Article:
The Bus Stops Here: UW Student Busing

One of the experiences of attending the University of Wisconsin in Madison is that students have access to unlimited Metro Transit bus rides paid with segregated fees by their Associated Students of Madison governance body (ASM). Students get an unlimited ride bus pass good for both fixed route and paratransit rides throughout much of the city of Madison and parts of Middleton, Fitchburg, Verona and Shorewood Hills. That bus service can be frequent around campus, and can take students to many major employment, shopping, health and recreation centers. Students can additionally use a no-fare #80 campus shuttle, the #81 and #82 late night routes, and a no-fare #84 shuttle to/from Eagle Heights. Those additional routes are paid for by a combination of funds from student seg fees, the UW’s division of Transportation Services for faculty and staff, and the division of University Housing.

The Mad Rollin’ Dolls break down gender norms and stereotypes

Tall and lean, Spam is known for her speed. In a bright green jersey, she whips around an indoor track at the Veterans Memorial Coliseum five nights a year, pushing and weaving her way through a tightly-knit group of women on roller skates. She works tirelessly towards the chance to hold a dismembered mannequin leg, painted gold with a roller skate on its single foot, high in the air at the championship match. Spam is a member of the Mad Rollin’ Dolls, Madison’s women’s roller derby league. The dismembered leg is affectionately known as Leggy, a championship trophy with a storied history.

United Way of Dane County program teaches youth to become civic leaders

Passionate students across Dane County are able to benefit their local communities through the United Way of Dane County’s By Youth For Youth program. Provided in partnership with the City of Madison, Dane County and UW-Extension, BYFY provides a space for student-volunteers to work together and get direct experience making a positive change in the world. “The program teaches kids that they have a voice,” said Brianna Stapleton Welch, the 4-H Youth Development Educator for Dane County who oversees BYFY. “The kids are actively engaging with one another, and while they sometimes argue they learn to respect the opinions of their peers, overcome their differences and work together to help other youth in need.”

The first half of the year consists of the youth discussing the biggest issues that other youth in Dane County face according to Sam Rosenbloom, the Corporate and Community Engagement Coordinator for the United Way of Dane County. From there they narrow down the issues to a few main priority areas and conduct a request for proposal process, this leads to a  reviewal of the proposals and funding decisions.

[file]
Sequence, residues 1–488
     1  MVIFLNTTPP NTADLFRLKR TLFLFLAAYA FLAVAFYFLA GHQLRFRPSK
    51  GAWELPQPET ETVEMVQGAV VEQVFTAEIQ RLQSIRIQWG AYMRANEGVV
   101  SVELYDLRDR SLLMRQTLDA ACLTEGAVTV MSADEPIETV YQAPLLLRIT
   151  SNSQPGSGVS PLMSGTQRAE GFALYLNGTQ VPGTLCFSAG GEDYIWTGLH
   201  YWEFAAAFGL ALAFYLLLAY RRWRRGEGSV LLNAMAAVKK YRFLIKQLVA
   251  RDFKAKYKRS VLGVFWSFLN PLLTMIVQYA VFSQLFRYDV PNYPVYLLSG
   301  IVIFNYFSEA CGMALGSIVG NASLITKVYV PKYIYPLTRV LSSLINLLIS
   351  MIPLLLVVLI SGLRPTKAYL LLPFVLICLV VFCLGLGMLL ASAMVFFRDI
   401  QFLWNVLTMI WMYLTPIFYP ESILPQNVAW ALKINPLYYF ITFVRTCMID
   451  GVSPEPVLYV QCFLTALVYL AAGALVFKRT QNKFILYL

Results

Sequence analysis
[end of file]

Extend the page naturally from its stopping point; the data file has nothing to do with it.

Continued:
The 10 Best Free Activities to Do in Madison This Summer

Every year, when Wisconsin’s long, frigid winter finally gives way to a comfortable summer, Madison blossoms into a city filled with different things to do. With lakes on either side of the isthmus, gardens and parks all over the county, and a thriving music and arts community, Madison offers plenty of free activities that anyone can take advantage of. Here’s our list of the top 10 free activities to take advantage of this summer in Madison. #1: Go to one of Madison’s parks

Madison is a great place to be if you’re looking to spend a day at the park. With over 200 parks to choose from, Madison has a variety of different parks all over the city, from James Madison Park in downtown Madison to Cherokee Marsh at the top of Lake Mendota.

July 2018 Backyard Heroes

Community Shares, a partner of Madison Commons, recognizes two volunteers each month. The volunteers come from Community Shares' member groups and are selected for their service to the community and to community issues. Janine Melrose and Reid Magney

Janine Melrose  and Reid Magney became a part of the Sierra Club five years ago. They wanted to use their communications backgrounds to help fight for a clean and natural environment. The Sierra Club’s mission is to explore, enjoy, and protect the wild places of the Earth, to practice and promote the responsible use of the earth's ecosystems and resources, and to educate and enlist humanity to protect and restore the quality of the natural and human environment.

Juneteenth reminds Madison black community of rich culture, unity and realities of racism today